One of the byproducts of the latest incarnation of Web 2.0 is the marginalization of operating systems. Personalized home pages, such as Google, Live.com, MyYahoo, Pageflakes and Netvibes; browser-based, rich Internet applications such as Zoho and ThinkFree; thousands of widgets, such as the Flash-based yourminis; even faux desktops such as G.ho.st (Global Hosted Operating SysTem--really stretching for an acronym and Web 2.0 coolness).
The desktop OS doesn't become irrelevant, but it fades into the background as Webtops and widgets lay their bits on top of it. G.ho.st, which is being previewed at the Web 2.0 Expo this week, combines OpenLaszlo, Java, and Amazon Web Services for the back end to create what the company describes as a virtual Web desktop, complete with a file system.
GetSparc is debuting a dashboard that integrates a bunch of webtop applications, including ThinkFree Office. Like many Web 2.0 companies, GetSparc has a YouTube demo. The Web site touts "multiple active windows, cross-correlated applications, the fastest remote storage solution on the planet, unlimited size on and offline file transfers, overlays Win, Mac or Linux as an Internet Operating System (IOS)."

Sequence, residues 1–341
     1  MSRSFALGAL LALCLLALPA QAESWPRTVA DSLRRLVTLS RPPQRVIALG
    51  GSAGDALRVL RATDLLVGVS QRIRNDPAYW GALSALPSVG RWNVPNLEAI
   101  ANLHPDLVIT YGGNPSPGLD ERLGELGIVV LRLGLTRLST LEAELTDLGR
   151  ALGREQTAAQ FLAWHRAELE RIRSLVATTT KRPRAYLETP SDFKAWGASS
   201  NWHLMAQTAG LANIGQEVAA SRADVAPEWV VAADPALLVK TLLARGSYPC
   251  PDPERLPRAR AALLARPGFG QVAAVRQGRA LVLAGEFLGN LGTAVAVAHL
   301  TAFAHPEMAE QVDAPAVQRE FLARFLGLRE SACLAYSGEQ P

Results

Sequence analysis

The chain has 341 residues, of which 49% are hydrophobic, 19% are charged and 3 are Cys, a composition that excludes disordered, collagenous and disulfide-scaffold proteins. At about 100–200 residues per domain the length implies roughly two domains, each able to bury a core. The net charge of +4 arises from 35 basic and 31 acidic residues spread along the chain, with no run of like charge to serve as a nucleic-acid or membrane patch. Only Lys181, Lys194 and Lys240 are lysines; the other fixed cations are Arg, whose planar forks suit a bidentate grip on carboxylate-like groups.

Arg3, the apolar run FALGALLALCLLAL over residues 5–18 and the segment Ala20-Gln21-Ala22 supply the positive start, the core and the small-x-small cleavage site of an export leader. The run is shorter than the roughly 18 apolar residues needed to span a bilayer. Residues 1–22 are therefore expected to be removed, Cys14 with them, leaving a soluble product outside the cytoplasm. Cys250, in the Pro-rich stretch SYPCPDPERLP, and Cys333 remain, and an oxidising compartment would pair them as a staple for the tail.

Another Web 2.0 Expo exhibitor, ZCubes, is making claims about being the "world's first website that seamlessly integrates browsing, searching, editing, painting, freehand drawing, cursive hand-writing, audio-video media management, publishing, and much more" in a browser-based platform.
Bottom line, these hodgepodges of functionality and assertions represent a very early stage in changing the face of the desktop.